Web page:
Richard Nixon goes down in history as the only President to resign from office under the threat of removal, however his resilience in getting to that office cannot be overlooked. As the surprise choice as Eisenhower’s Vice President, he survived corruption allegations during the 1952 campaign and attempts to remove him from the ticket, thwarting them by turning things around in his famous televised Checkers Speech. Eisenhower tried to persuade him to take a Cabinet role in 1956 and come off the ticket and again he resisted, knowing that the Vice President’s heartbeat away from the presidency was reliant on Eisenhower’s heart, which had already suffered a major attack the year before. He ran for President in 1960, being beaten by John Kennedy by a very small margin.
He was back in 1962 with a half-hearted attempt to become Governor of California. His dramatic loss led to a petulant election night press conference outburst saying, “You won’t have Nixon to kick around anymore.” His apparent exit from politics didn’t last long and he was a campaigning for Republican candidates across the country in the 1966 mid-terms in anticipation of running for President again in 1968. He overcame a strong field including Nelson Rockefeller and Ronald Reagan for the Republican nomination and went on to narrowly beat Hubert Humphrey, finally achieving his goal of becoming President. His re-election in 1972 was a triumph, winning 49 out of 50 states. Then it all unravelled, and within months Watergate and its cover up destroyed his presidency.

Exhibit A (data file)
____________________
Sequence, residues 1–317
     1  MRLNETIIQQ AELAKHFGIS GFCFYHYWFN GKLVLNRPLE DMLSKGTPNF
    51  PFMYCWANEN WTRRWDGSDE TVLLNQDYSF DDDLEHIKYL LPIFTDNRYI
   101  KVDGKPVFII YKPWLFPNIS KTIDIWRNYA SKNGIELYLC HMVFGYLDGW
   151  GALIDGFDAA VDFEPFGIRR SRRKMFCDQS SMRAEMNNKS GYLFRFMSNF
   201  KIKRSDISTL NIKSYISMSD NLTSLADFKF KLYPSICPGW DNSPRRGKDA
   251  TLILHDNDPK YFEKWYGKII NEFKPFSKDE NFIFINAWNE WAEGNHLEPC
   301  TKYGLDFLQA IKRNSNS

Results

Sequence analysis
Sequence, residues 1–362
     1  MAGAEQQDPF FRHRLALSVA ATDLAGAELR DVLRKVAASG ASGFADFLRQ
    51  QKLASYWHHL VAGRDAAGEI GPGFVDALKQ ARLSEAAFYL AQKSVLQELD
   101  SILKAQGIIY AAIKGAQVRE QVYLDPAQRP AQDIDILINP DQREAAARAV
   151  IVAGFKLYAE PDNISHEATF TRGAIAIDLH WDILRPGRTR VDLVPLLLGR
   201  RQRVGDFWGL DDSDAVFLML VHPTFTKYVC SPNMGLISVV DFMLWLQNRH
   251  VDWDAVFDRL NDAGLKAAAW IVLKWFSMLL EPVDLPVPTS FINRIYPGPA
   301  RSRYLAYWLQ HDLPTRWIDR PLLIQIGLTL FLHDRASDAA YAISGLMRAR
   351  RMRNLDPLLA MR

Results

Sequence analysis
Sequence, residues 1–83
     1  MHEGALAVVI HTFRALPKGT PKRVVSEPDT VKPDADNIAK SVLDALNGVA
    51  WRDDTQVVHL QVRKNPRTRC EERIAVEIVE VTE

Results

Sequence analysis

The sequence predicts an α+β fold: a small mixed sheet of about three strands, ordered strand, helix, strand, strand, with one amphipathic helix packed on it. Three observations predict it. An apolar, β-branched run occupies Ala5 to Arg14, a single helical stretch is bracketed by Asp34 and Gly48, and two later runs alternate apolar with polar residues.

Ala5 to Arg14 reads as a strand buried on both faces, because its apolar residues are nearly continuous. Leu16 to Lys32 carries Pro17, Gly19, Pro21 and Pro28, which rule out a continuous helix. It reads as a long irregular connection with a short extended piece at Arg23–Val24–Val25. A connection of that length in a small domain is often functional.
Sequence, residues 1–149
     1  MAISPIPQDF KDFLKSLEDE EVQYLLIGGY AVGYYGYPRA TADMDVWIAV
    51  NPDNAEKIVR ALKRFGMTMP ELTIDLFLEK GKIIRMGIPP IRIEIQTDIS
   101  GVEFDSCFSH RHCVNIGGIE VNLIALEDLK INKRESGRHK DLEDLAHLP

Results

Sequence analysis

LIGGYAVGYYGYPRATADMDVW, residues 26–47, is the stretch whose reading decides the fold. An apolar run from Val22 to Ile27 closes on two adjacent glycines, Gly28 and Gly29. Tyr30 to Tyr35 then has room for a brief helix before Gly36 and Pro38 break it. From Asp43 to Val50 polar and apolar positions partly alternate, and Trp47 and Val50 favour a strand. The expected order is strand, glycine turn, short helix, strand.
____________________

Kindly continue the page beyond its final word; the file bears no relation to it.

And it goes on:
Theodore Roosevelt was yet another Governor of New York to achieve the presidency. Incredibly dynamic, as Governor, he made powerful enemies in his own party rooting out patronage and corruption. The novel solution they came up with was to ensure he became William McKinley’s Vice President for his second term, therefore removing him to a non-job. This backfired spectacularly, when soon after their election, McKinley was assassinated and Roosevelt became the youngest President in history. In a hyperactive presidency, Roosevelt redefined the role in an activist way that has never seen before, winning the election in his own right by a landslide in 1904. Despite the fact he could have easily won re-election, he stood down in 1909, having anointed as his successor his great friend William Taft and promptly left for a safari in Africa. He returned to find his successor had taken his own path, much to Roosevelt’s annoyance. It wasn’t long before he challenged Taft for the Republican nomination, eventually losing at the party convention in Chicago. Not willing to give up, he founded the Progressive “Bull Moose” Party and ran one of the most successful third-party interventions in US history, including being shot in the chest at a rally in Milwaukee but insisting on finishing his speech before going to hospital. Despite that, he only managed to split the Republican vote and allow Woodrow Wilson to win an Electoral College landslide. He was offered the Progressive nomination again in 1916 but refused it and eventually died in early 1919, with some people still wondering whether he would run in 1920.